The North Carolina Museum of Natural Sciences and North Carolina State University are looking at the fast-growing aquatic plant duckweed as a bioremediation agent. Often considered a nuisance plant, some species can double every 36 hours. However, it is the plants’ fast-growing nature that makes them so effective at taking up certain pollutants, particularly nitrogen, which gives them potential in stormwater ponds and certain wastewater lagoons.
The museum currently is doing studies with the plants in small test ponds, applying high levels of nitrogen and ammonia. Researchers are using aquarium test kits to monitor the resulting nutrient levels, which they say offers a good indicator because fish are highly sensitive to ammonium. It usually takes the duckweed three to four weeks to use up all of the ammonia, nitrite, and nitrate. As reported in Biomass Magazine, duckweed bioaccumulates about 99% of the nutrients contained in wastewater.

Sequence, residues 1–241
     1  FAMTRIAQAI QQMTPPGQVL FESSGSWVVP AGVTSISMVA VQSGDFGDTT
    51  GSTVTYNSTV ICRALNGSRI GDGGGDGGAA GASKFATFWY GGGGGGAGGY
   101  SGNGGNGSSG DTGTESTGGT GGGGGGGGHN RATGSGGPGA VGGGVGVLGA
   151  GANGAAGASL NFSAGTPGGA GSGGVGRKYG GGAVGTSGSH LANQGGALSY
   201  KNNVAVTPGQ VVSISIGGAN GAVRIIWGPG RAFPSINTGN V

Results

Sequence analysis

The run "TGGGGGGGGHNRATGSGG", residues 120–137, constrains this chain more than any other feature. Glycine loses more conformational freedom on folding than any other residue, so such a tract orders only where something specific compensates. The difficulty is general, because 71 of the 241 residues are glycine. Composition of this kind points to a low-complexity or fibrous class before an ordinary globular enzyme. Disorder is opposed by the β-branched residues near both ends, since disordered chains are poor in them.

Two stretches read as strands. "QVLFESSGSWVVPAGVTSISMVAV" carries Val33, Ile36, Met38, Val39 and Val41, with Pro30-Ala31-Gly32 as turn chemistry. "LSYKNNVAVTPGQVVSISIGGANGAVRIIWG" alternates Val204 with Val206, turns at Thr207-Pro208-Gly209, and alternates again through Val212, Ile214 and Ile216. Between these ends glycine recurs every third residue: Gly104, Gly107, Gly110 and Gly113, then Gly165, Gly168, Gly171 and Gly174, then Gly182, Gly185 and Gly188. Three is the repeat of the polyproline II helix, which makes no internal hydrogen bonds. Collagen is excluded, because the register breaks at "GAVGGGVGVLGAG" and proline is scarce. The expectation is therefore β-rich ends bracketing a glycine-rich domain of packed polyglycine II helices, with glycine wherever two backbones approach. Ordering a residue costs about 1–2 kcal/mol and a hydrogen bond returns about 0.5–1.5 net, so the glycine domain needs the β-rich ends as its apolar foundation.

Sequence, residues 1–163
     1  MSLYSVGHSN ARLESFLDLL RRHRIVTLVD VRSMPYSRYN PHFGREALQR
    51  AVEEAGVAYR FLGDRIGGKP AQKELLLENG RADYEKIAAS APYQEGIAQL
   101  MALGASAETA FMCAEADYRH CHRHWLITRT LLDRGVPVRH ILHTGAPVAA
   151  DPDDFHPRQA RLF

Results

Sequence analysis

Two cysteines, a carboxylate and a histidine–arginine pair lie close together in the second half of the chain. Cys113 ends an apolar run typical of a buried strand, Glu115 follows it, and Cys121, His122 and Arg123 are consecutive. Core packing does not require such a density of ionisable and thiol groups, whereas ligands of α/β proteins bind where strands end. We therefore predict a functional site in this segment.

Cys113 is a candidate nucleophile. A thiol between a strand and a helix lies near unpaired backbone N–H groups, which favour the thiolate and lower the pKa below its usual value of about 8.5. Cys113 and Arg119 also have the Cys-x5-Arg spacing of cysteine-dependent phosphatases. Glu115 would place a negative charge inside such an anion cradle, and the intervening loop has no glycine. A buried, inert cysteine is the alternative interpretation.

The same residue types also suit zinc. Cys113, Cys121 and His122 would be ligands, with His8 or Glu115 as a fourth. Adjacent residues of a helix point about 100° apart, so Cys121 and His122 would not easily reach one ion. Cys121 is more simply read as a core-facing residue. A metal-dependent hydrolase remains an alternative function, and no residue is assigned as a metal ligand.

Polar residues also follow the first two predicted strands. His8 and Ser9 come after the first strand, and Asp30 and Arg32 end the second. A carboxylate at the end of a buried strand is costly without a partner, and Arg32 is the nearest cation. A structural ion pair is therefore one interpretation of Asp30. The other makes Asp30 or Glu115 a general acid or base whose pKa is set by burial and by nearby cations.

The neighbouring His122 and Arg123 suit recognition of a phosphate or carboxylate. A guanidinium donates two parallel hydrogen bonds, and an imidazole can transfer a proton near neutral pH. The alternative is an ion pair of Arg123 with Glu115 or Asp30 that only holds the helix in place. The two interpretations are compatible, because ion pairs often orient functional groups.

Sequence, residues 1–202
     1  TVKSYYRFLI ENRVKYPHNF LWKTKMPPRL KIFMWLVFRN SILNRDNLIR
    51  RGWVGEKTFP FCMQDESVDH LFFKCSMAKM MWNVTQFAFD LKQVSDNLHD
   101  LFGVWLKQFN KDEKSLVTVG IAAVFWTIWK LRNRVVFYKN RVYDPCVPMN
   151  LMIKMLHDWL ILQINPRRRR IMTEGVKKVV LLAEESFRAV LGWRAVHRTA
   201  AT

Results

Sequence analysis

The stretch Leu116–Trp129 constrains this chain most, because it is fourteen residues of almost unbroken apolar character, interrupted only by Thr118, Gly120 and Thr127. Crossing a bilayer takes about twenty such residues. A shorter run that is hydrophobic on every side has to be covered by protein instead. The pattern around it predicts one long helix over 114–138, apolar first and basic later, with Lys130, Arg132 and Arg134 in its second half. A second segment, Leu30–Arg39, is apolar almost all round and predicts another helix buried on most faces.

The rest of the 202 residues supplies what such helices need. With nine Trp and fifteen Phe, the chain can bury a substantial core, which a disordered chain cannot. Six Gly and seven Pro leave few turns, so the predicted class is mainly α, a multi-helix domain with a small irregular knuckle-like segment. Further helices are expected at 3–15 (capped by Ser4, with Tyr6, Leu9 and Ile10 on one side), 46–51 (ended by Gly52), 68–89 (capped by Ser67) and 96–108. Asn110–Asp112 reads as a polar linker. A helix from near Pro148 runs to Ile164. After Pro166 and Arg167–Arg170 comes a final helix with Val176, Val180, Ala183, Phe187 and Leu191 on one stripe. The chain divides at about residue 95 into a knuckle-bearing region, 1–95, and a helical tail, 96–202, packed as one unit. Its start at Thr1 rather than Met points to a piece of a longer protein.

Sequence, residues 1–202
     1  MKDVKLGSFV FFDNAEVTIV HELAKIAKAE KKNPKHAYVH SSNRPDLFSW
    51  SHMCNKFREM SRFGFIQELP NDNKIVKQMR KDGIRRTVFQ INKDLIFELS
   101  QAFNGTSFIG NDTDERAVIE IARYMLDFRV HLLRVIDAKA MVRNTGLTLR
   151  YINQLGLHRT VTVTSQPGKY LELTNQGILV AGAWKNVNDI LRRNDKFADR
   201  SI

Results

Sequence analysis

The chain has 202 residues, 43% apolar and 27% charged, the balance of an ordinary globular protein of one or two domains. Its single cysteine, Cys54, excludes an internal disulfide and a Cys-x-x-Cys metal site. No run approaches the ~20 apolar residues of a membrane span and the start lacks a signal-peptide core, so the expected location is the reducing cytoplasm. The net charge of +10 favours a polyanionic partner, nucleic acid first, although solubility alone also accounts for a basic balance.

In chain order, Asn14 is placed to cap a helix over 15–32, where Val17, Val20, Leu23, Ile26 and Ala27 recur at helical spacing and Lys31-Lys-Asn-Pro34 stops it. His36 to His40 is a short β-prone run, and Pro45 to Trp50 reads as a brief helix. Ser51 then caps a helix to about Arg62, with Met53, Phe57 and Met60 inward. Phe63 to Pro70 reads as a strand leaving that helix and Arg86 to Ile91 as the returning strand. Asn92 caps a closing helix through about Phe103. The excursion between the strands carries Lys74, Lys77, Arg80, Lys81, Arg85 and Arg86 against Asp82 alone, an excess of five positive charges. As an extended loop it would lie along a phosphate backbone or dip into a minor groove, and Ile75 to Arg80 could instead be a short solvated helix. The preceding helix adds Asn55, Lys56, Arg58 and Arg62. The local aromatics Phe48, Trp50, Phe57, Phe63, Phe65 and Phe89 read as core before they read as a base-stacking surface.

In some cases the plants also have been shown to remove other pollutants, such as lead and arsenates. However, in order to realize pollutant reductions, the duckweed must be harvested and removed. The biomass is rich in starch, so it has other potential applications, including as a source of biofuels. According to North Carolina State University researchers, duckweed grown in swine wastewater can produce five to six times more starch per acre than corn.